South Korean President promotes international energy cooperation

Posted on 16 October 2013

South Korean President Park Geun Hye told WEC Daegu 2013 on Wednesday that international cooperation is needed to meet global energy challenges, while a “creative energy economy” should be promoted in which Korea can play a leading role.

IMG_8516“As the World Energy Council points out, the Energy Trilemma, the trade-offs between energy security, social equity and environmental impact mitigation, is the most significant challenge,” she said in the keynote address at EXCO Convention Center in Daegu.

In response, increased global energy cooperation is needed, particularly between energy producing and consuming countries, which would contribute to global market stability. She said such cooperation was important for Asia, which has a mix of countries that are either heavy energy consumers or ones with large energy supply reserves.

“We have to explore new initiatives for energy cooperation in Northeast Asia,” she noted, citing the example of the construction of Russian gas pipelines to western Europe in the 1980s during the height of the Cold War.

She suggested that Northeastern Asia countries could cooperate in the development and transport of shale gas from China and North America as well exploiting oil and gas reserves in eastern Siberia.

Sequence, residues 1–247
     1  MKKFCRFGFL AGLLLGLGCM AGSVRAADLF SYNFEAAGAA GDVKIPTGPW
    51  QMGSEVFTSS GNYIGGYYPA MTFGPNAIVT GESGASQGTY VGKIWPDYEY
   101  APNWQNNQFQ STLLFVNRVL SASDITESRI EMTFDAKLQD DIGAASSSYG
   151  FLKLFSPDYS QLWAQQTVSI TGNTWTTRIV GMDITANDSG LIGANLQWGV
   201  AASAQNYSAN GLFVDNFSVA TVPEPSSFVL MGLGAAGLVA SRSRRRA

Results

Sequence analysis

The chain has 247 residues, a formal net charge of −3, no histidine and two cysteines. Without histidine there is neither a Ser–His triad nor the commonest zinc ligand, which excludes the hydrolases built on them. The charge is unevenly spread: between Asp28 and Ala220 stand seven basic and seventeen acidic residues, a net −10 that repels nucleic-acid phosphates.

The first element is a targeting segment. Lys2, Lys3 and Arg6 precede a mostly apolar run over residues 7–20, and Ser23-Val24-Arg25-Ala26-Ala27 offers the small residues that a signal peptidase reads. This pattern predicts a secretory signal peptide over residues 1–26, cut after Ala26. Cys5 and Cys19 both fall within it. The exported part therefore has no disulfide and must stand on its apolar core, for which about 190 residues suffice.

“We have to create an environment that allows energy infrastructure connections, including regional power grids, gas pipe networks, and oil pipelines.” This cooperation could be promoted by legal frameworks, such as a Energy Charter Treaty, which would encourage investments from both the private and public sector.

In addition, the world must switch from a traditional energy economic model to a creative energy economy, which would promote energy conservation and environmental production through the use of smart grids, LEDs and low-emission vehicles. But to achieve this goal, the private sector needs to play an important financing role when governments face budget problems.

Economies need to adopt energy policies that would deliver “clean, safe and available energy for all.” Measures should include revising energy price frameworks and regulations to promote energy efficiency, a more equitable distribution of energy resources as well as encouraging investment in clean energy technology.

“Korea will play a leading role in resolving the energy trilemma facing the world,” she added, based on her domestic policy of promoting a “creative economy.”

“We can say that the paradigm of the creative economy will significantly contribute to the energy industry,” by achieving energy efficiency based on ICT, such as Energy Storage Systems (ESS) and Energy Management Systems (EMS). This would help cut the country’s energy consumption by 1 million kilowatts of electricity and create a 3.5 trillion won industry and 15,000 new jobs.

We will develop the energy industry into a driving force of the creative economy and share with the international community our know-how and experience in the transition to the creative energy economy,” Ms. Park said.